JULIE Brady, the driving force behind the Great Lakes Women's Shelter, summed up the extraordinary community effort of the past 12 months, which turned a dream into a reality, with a Victor Hugo quote: "There is nothing more powerful than an idea whose time has come."
She was speaking at the launch of the Women's Shelter last week, an event to recognise and thank the many businesses, community groups and individuals who have given their time, money and skills to provide shelter in this region for women and children escaping domestic violence.
In April last year Great Lakes Councillor Jim Morwitch was instrumental in organising a wellattended public meeting to discuss how to respond to the crisis of domestic violence. Peter McKenna from the Manning Great Lakes Police Area Command told the crowd that the Great Lakes and Manning was the fourth highest “hot spot” for domestic violence assault in NSW.
At the time the closest shelter, in Taree, was usually full and mostly unsuitable as women would have to pull their children out of school and lose the support of existing networks of friends and family.
That meeting resolved to establish a shelter in the Great Lakes and set the ambitious target of fundraising $20,000 by Christmas.
The Great Lakes Advocate front page headline on April 15 read: "Ambitious target" but within two weeks was reporting that this target had been smashed as the $20,000 had already been raised, and more contributions kept on coming in.
By Christmas the community had given over $90,000.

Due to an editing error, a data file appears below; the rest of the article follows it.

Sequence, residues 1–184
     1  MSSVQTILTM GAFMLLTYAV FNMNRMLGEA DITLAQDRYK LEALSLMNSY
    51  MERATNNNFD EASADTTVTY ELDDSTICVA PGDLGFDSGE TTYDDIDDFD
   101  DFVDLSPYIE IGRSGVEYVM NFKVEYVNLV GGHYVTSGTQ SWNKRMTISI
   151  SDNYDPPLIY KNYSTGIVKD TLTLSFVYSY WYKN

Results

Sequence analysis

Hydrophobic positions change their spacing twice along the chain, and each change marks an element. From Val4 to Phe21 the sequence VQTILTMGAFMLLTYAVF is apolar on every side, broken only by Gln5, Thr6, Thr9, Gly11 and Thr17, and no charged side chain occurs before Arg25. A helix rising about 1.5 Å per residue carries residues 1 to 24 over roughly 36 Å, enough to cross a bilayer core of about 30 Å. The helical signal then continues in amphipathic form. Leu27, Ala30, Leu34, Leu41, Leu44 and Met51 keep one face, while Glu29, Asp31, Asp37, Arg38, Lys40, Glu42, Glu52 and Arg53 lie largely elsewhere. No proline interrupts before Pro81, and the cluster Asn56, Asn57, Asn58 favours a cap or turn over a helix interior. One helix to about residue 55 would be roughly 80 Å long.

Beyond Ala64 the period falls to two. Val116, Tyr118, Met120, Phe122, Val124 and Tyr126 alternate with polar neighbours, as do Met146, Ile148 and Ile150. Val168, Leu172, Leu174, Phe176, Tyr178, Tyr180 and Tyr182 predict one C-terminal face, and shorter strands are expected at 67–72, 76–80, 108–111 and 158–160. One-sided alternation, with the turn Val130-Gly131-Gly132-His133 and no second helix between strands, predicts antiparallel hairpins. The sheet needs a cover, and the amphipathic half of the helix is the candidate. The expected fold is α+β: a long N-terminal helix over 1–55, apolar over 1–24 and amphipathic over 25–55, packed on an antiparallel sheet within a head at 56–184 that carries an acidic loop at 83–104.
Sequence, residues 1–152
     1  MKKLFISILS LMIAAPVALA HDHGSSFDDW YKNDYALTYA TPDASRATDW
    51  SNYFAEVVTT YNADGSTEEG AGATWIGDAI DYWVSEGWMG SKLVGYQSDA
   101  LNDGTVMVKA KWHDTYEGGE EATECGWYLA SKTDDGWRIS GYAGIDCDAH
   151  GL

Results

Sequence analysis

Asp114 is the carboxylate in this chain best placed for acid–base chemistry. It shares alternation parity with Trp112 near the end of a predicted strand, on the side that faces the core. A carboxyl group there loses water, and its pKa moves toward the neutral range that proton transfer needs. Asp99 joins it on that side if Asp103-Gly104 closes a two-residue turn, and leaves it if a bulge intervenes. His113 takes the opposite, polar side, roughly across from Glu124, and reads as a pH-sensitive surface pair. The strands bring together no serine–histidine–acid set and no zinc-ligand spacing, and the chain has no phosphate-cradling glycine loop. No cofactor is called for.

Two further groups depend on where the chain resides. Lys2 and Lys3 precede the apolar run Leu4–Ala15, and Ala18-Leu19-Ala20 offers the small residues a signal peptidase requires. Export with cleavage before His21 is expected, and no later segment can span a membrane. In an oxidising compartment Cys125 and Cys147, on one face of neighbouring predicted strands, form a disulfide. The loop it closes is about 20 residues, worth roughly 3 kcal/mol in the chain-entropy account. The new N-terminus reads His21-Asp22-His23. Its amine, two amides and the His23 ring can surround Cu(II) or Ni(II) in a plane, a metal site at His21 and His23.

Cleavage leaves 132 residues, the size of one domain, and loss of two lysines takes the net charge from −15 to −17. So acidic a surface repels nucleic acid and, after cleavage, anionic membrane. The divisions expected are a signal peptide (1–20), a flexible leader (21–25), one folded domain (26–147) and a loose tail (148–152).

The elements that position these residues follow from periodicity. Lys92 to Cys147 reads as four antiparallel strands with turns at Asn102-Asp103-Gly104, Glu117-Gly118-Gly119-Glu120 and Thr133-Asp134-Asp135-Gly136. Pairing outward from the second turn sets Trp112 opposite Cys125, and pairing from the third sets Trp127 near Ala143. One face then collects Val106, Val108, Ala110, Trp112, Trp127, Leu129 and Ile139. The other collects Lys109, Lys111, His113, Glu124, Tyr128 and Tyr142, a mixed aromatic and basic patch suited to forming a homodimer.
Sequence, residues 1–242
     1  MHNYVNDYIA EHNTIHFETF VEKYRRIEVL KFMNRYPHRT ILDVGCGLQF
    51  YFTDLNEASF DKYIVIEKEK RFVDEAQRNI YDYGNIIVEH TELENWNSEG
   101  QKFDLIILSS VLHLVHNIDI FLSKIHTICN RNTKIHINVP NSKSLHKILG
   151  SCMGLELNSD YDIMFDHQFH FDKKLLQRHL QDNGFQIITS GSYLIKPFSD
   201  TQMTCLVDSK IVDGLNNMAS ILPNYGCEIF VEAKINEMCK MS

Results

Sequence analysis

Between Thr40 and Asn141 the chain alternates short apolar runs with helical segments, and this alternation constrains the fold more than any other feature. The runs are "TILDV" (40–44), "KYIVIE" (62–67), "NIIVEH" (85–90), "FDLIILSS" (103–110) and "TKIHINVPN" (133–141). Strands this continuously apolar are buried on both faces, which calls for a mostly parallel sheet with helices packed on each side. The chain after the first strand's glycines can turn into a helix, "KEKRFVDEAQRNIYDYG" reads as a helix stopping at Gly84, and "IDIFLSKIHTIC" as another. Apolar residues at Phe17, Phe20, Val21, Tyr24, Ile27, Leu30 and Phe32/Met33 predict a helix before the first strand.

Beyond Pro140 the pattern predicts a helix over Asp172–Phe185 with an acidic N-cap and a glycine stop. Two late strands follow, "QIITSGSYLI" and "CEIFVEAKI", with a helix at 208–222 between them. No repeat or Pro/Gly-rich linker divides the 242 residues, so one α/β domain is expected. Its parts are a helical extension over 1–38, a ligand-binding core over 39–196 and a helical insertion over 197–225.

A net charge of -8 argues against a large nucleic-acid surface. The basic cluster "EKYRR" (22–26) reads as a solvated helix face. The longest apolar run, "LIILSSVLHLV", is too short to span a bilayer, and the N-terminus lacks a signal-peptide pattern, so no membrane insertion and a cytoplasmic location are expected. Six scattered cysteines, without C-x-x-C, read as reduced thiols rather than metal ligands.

A vital partner in the establishment of a local shelter has been the Sydney-based Women's Community Shelters (WCS) who offered a partnership arrangement to pay 50 per cent of start up costs and two-thirds of operating costs for the first two years.
To date GLWS and WCS have paid startup costs of $65,000 and funds are in the bank to cover the next six months of operations.
CEO of WCS Annabelle Daniel was at the special thank you launch last week.
"Just over 12 months ago this was just an idea.
“This is our first regional initiative outside of Sydney and I've come to really love Forster Tuncurry," Ms Daniel said.
The Great Lakes Women's Shelter has two shelters — one in Forster with two bedrooms and a bathroom, and another in Tuncurry with three bedrooms and two bathrooms. Within two weeks of opening in January the shelters were full, and in less than four months have given shelter to around 20 women and more than 40 children.
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